LocationSantiago de Querétaro, Mexico
Project TeamEduardo Reims, Jorge Reims.
CollaboratorsAndrea Leiva, Héctor Soto, Daniel Segovia, Carlo Hernández, Andrea Maldonado.
Plot Area1934 m2
Text description provided by the architects. Palermo Lake is a countryside residence that includes the ideals of a family whose greatest aspiration is to live outside the urban boundaries within a natural, remote, and peaceful environment.
Despite its palpable isolating condition due to its location outside the urban fabric, the purpose of the project is completely the opposite, for this is a house designed to encourage those social activities enjoyed by the family, activities revolving around its passion for equestrian activities, water sports, enology, and, above all, country living.
The parti is determined by the front areas exploitable for such purposes, where the south and the west, which align with the lake and the polo field respectively, define the outline of the house, its landscapes and mainly the unifying thread which harbors all the possible public outdoor recreation areas in a linear promenade, going from the main access to the property, developing along the lake, and ending in the social terrace, crowning the head of the polo field with its shadow.
This design strategy led to a linear and continuous public spine from which the project emerges, and it´s center point along the journey turned became the optimal location for he most important space and the heart of this dwelling -the “great hall”- which purpose is to concentrate, under the same double heighted space, all the possible activities involving family and social dynamics. Aside from being an overwhelming introduction to it´s interior, an efficient distributor of the public and private program in two levels, and a reconfigurable environment, the great hall is the space that allows for light, natural air circulation coming from the south, and the constant breeze of the lake to flow into the house, thus refreshing from the public area to the deepest private spaces of the program in the upper level, in order to keep comfortable interior temperatures during all seasons, in a region with semidesert and warm climate lasting 10 months per year. During the cold months, these large openings oriented towards the south, will allow sunlight to access and generate solar gain while heating the interior, especially the private areas of the residence.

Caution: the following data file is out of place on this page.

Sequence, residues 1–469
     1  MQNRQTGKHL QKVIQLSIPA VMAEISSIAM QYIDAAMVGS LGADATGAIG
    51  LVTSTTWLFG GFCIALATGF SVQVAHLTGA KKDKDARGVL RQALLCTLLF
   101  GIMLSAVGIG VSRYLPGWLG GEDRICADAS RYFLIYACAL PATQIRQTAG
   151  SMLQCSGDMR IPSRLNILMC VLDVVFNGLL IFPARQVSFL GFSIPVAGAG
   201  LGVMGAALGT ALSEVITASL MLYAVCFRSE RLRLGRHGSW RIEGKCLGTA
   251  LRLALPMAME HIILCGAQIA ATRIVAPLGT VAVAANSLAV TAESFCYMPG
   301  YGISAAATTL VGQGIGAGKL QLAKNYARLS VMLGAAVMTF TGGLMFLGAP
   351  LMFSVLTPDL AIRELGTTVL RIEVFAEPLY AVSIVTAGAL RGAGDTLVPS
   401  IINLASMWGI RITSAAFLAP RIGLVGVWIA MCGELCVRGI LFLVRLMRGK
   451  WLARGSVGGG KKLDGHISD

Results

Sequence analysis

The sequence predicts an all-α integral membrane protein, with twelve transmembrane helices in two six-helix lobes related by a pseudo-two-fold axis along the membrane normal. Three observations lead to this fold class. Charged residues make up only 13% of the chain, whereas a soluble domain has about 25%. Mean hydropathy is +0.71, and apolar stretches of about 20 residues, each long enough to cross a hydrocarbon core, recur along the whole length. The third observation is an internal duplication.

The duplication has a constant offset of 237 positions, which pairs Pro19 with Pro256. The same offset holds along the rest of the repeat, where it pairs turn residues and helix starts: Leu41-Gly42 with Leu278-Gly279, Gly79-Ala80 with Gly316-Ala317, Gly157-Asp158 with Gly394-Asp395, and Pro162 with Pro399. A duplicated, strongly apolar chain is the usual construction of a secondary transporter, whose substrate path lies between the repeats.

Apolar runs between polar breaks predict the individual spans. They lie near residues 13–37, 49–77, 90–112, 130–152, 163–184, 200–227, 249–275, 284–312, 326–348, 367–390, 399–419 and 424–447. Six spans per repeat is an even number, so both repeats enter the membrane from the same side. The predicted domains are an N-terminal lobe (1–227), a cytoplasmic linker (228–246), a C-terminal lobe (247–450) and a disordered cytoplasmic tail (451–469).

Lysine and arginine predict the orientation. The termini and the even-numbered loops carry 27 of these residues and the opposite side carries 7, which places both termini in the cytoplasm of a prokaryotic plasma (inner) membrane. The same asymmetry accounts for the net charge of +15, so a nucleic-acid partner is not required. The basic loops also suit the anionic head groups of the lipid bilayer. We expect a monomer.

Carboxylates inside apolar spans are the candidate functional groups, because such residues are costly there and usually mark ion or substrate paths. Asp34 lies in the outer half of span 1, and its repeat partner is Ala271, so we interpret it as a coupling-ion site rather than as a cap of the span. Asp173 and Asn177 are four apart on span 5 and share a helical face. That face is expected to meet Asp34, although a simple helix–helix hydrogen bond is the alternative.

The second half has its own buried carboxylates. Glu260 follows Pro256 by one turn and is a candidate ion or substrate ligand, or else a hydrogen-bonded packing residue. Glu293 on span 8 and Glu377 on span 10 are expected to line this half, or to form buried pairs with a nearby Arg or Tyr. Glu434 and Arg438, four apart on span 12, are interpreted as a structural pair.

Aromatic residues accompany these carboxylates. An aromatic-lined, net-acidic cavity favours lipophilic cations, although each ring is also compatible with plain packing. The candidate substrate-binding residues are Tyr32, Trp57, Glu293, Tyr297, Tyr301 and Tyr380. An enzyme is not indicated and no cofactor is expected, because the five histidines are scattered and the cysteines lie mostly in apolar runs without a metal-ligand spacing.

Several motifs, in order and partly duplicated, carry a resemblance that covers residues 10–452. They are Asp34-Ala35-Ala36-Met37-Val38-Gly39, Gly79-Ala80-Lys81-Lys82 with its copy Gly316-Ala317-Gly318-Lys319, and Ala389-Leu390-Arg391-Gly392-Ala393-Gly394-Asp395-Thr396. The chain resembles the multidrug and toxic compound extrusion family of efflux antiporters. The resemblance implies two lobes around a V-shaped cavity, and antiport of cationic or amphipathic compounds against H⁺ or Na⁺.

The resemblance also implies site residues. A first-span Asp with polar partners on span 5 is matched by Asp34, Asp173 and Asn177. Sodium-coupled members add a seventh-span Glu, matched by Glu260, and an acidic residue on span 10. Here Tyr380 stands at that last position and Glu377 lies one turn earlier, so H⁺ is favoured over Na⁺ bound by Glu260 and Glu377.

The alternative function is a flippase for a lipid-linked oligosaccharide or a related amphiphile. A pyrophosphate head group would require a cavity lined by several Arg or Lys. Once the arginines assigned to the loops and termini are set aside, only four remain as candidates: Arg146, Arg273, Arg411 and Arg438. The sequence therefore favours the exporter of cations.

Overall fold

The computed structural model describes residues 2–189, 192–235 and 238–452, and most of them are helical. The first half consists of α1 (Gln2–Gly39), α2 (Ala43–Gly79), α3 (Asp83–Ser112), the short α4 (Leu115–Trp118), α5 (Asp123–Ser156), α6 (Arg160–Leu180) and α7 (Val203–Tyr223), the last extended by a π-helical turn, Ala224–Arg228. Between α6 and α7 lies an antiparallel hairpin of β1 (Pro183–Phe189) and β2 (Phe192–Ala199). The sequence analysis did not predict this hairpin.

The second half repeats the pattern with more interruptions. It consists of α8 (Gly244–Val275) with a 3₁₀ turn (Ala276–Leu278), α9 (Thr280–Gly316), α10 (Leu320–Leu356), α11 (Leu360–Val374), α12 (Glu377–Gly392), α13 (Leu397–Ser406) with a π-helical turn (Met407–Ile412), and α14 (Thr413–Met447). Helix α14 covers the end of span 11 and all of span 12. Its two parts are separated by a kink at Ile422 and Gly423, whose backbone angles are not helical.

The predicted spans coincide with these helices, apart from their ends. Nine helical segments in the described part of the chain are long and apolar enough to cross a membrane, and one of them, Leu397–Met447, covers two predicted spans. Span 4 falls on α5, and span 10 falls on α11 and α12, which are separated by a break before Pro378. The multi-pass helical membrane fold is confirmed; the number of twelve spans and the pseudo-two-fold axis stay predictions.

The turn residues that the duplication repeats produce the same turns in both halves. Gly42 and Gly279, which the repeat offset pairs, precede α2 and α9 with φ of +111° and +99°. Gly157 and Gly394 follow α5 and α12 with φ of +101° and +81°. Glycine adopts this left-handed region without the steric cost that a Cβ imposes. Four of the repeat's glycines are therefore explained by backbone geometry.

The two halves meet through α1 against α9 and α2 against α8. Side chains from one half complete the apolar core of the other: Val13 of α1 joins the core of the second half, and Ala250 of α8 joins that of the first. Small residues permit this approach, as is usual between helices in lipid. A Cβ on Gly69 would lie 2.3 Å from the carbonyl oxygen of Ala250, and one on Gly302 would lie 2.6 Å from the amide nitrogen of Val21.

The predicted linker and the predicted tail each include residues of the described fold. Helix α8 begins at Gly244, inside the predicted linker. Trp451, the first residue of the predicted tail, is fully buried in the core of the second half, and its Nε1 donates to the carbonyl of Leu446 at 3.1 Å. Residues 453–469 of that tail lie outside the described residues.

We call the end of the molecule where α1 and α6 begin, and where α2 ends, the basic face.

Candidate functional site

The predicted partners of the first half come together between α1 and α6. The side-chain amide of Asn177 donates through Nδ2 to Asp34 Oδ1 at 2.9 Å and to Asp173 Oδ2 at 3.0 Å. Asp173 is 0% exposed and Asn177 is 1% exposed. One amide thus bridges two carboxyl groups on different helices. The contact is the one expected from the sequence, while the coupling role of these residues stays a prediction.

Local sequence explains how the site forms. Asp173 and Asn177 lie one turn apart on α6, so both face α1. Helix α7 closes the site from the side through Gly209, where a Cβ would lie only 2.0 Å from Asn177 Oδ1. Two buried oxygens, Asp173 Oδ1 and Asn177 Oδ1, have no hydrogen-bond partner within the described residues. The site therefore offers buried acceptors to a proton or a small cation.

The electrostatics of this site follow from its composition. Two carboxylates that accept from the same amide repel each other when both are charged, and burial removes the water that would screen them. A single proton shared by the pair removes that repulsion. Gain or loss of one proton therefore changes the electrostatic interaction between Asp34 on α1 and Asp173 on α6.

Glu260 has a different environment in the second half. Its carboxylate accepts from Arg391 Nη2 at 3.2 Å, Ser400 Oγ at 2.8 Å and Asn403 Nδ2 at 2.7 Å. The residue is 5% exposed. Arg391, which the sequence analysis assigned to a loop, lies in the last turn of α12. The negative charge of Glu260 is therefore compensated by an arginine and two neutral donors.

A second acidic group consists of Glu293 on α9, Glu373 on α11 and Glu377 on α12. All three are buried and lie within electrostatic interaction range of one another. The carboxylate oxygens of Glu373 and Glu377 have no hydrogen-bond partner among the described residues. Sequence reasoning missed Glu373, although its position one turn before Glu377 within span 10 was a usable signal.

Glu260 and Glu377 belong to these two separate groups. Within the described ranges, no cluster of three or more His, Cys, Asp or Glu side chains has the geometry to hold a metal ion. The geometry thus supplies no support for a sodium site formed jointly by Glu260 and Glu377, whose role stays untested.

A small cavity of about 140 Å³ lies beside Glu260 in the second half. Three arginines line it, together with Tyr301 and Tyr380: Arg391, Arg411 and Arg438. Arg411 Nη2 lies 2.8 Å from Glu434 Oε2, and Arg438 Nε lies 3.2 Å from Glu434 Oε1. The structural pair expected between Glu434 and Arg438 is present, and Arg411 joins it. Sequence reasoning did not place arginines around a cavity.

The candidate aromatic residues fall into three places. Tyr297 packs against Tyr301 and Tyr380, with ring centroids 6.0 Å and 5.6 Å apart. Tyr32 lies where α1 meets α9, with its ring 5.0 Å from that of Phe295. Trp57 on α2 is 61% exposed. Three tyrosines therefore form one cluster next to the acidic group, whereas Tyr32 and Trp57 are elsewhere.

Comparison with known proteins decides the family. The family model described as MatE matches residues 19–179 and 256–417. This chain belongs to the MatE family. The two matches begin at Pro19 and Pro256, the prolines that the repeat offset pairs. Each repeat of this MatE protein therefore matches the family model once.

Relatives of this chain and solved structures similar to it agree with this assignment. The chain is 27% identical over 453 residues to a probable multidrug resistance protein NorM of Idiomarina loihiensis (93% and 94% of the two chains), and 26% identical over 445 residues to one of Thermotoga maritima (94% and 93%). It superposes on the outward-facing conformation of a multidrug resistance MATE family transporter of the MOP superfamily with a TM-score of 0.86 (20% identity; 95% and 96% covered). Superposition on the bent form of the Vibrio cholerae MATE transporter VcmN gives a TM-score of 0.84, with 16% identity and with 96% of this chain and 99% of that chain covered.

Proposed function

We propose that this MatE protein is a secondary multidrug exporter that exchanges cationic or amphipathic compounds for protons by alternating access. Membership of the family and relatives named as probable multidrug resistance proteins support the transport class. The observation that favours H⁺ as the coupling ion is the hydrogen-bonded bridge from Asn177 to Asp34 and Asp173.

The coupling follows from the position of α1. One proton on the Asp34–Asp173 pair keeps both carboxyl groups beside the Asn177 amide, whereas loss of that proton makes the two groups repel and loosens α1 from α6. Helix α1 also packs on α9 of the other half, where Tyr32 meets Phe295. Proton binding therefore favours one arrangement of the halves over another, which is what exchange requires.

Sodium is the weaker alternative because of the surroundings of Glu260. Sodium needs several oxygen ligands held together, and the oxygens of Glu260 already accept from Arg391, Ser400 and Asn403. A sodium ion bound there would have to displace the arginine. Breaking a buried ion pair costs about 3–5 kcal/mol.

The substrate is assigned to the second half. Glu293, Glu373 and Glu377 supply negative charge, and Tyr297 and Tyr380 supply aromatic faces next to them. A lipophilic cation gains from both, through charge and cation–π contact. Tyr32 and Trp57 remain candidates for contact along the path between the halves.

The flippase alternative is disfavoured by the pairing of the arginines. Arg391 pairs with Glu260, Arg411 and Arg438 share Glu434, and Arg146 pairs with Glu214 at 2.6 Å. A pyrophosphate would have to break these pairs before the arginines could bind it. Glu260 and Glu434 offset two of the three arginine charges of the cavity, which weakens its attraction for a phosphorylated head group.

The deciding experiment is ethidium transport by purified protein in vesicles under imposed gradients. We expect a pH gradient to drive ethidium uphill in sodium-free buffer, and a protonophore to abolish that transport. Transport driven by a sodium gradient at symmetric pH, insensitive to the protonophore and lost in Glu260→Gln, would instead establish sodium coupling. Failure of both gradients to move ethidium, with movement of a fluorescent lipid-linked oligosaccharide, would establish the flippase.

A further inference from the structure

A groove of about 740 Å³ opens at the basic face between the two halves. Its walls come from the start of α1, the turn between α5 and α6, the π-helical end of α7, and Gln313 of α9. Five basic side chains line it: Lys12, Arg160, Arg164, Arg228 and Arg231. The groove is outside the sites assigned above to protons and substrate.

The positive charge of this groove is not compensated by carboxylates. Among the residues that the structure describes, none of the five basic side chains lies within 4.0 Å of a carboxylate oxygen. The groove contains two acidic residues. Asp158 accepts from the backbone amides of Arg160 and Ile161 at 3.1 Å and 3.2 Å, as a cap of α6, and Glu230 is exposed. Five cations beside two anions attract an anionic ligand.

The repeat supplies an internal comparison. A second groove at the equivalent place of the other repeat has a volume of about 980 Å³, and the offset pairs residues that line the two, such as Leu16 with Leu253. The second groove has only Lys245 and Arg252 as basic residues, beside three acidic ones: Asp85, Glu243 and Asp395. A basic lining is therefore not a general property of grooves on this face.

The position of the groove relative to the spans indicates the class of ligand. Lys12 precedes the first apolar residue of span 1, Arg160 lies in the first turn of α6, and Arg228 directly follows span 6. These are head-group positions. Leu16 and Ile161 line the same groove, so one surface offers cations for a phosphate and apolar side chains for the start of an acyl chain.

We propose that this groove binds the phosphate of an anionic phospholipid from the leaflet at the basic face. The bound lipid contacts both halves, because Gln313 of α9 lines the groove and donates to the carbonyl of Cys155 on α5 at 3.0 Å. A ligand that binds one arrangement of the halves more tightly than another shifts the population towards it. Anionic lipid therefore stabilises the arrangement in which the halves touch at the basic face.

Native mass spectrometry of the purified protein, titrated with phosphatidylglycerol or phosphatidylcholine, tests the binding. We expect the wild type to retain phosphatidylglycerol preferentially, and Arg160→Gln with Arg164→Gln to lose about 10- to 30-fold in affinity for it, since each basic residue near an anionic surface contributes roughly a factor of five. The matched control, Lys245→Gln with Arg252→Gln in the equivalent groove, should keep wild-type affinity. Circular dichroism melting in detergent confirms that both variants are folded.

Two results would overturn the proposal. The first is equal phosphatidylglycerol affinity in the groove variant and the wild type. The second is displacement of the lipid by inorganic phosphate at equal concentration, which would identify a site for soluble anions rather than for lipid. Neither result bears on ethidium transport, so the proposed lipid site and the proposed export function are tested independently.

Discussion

Adjacent and around the great hall in the lower level, complimentary spaces are assembled, emphasizing the gourmet kitchen, cellar, dining room, playroom, terrace, and family memory room.
Communicated with the great hall, as a semiprivate mezzanine in the upper level, the family room may be found; an open and continuous space which adapts to the daily necessities and temporary family dynamics. This area brings together, like a hinge, the two private parts of the program which are located at opposite ends; the master bedroom and the children’s bedrooms. The direction of each of these areas was determined based on the most preferred view according to the users, orienting the children’s bedrooms to the lake due to their fondness for water sports, and the master bedroom, to the polo field, on account of their passion for the equestrian life.
With both ends cantilevering to underline it´s hierarchical ends - the main entrance and the shaded social terrace- the architectural form of the project is defined by a load-bearing mass of reinforced concrete which, apart from giving evidence of its structure, serves as a canvas on which quarry stones from Queretaro, recycled timber from surrounding former railroad tracks, national hardwood finishes treated with oil and steel structures and fixtures tamed by the local workmanship, complement the material palette of this architectural composition.
Finally, the goal behind the outward appearance of the house is to provide a timeless countryside environment, which, despite the fact of formally speaking of its era, it is still open to time’s intervention and patina where we believe the weatherization of the selected materials and nature’s takeover of its concrete canvas, shall end this work which, as wine does, pretends to age gracefully, improve over the years, and acquire a greater sense of belonging with its site and context.